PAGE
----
21 MARCH 1931, Page 44

Notes from the Sale-Rooms

PART of a very famous collection of English historical MSS. is shortly to be sold at Sotheby's. It comprises three bound volumes of the Poston Letters from the library at Orwell Park, near Ipswich, where they were rediscovered by Mr. Pretyman in.1889. These letters were printed in 1787 by John Fenn, who presented the originals to George III and was knighted. As they were not in that King's library, which his son handed over to the British Museum, their fate remained a mystery till Mr. Pretyman found them among his cousin's books. It is said that George III gave the MSS. to Bishop Tomline, of Lincoln, who had introduced Fenn to him. The rest of the Paston correspondence, nlso edited by Fenn, has gradually found its way to the British' Muieum, and the whole series has, of course, been authoritatively re-edited by the late James Gairdner. It may be hoped that the three volumes now to be sold will join their companions in Bloomsbury. For the Poston Letters, recording the fortunes of a Norfollc family in the fifteenth century, and picturing the troubled state of England during the Wars of the Roses, are of unique value and interest and should all be in the nation's keeping.

Another historical collection to appear at Sotheby's is that part of Samuel .Pepys's MSS. and personal belongings which remained in his family. His library, his diary and many other papers went to Magdalene College, • Cambridge, where they are preserved with meticulous care in Pepys's own bookcases. But the Pepys-Cockerell family possesses numer- olds items of considerable interest relating to the eminent Secretary to the Admiralty.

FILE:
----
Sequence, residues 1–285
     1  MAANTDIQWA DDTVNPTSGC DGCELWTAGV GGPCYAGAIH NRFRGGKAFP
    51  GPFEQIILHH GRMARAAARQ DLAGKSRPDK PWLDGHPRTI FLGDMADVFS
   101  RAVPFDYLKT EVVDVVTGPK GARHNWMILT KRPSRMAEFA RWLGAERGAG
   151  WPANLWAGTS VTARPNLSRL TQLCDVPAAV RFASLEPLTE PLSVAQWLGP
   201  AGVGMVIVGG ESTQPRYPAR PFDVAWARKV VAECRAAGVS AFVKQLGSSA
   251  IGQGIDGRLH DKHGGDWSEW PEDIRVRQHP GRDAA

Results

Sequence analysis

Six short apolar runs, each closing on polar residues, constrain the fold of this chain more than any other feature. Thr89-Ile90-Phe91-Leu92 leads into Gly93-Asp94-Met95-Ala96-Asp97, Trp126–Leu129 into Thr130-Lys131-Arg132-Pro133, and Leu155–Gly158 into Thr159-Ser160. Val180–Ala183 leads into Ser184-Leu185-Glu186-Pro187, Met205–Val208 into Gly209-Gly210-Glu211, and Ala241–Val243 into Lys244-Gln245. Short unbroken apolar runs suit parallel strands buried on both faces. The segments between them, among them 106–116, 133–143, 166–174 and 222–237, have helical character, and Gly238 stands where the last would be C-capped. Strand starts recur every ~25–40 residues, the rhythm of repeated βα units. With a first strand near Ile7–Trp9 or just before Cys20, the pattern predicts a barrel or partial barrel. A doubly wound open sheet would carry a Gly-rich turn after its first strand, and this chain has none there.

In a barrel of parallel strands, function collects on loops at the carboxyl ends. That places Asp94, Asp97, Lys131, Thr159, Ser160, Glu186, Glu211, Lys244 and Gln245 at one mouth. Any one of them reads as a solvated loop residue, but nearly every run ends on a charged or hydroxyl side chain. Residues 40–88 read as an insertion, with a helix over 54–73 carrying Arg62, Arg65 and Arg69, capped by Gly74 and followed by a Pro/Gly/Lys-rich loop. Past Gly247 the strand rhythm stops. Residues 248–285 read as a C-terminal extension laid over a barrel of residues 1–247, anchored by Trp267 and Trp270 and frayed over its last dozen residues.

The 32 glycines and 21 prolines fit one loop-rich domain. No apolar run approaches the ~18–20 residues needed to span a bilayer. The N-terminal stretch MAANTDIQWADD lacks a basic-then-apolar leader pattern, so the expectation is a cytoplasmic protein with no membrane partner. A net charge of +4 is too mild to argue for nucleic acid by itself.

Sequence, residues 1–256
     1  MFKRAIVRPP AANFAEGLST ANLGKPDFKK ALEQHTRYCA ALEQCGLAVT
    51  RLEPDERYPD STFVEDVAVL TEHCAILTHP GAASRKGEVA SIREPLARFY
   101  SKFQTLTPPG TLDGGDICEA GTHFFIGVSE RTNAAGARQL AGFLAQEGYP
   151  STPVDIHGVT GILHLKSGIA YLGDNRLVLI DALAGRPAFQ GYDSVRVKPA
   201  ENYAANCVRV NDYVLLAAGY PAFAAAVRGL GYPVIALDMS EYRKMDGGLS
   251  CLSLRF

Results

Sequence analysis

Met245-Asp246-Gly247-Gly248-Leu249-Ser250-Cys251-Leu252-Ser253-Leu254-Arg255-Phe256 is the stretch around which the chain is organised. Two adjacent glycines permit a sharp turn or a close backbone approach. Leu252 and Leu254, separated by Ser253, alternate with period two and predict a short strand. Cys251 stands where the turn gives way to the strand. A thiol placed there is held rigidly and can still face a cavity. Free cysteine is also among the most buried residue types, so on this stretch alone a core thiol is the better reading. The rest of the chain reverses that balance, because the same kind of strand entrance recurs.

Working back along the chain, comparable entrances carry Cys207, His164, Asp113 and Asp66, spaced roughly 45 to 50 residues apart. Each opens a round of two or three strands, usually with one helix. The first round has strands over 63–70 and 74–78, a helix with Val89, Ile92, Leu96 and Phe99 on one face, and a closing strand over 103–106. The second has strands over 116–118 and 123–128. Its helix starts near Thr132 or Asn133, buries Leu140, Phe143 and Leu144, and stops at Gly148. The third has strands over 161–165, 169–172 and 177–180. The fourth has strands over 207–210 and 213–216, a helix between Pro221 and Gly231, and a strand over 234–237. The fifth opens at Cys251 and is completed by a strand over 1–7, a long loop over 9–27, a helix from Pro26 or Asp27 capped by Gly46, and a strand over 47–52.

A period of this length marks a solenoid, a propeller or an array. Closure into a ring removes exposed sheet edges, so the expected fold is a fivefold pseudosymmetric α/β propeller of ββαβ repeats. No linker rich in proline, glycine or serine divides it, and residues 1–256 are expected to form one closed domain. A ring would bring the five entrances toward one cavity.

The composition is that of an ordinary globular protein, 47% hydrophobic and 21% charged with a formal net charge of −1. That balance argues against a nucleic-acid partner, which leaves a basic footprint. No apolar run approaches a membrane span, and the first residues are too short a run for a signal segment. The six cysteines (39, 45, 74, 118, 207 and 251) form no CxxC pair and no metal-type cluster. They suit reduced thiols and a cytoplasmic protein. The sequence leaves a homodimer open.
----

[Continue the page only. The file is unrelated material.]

Trade depression, especially in America has curtailed the activities of the sale-rooms this -season, but has not seriously affected prices. Really fine and scarce works of art continue even in these days to find eager purchasers. At Sotheby's last week a pair of magnificent Gothic tapestries of devotional subjects, probably made at Brussels about 1510, were bought by a well-known London dealer for £6,000. From the same collection, that of Captain Denzil Cope of Bramshill, came a " Chippendale " suite in mahogany, covered with fine needle- work, which fetched no less than £2;800.' Old tapestries and furniture covers, it is clear, excite a passionate enthusiasm that even Mr. Snowden cannot quench.

Old silver shares this favour with old tapestries. At Hurcomb's last week three George I tea caddies, one of them oval in shape, brought £153, at well over 80s. an ounce. At Christie's an Irish silver-gilt chalice, dated 1641, and inscribed with the name of George Russell of Rathmolin, fetched £115 at 155s. an ounce, and a small chamber candlestick of 1683 fetched £33 12s. at 160s. an ounce. Such prices, when the metal is quoted at little more than a shilling an ounce, illustrate the steady demand for silverware of proved antiquity, often irrespeative, it may be added, of its artistic merit. At Sotheby's this week some remarkable pieces are being sold— notably a Queen Anne chocolate pot, dated 1705, and weighing 28 ounces, from Mrs. Pepys-Cockerell's collection, and two great two-handled cups and covers, dated 1685, belonging to Sir Henry Page Croft. E. G. H.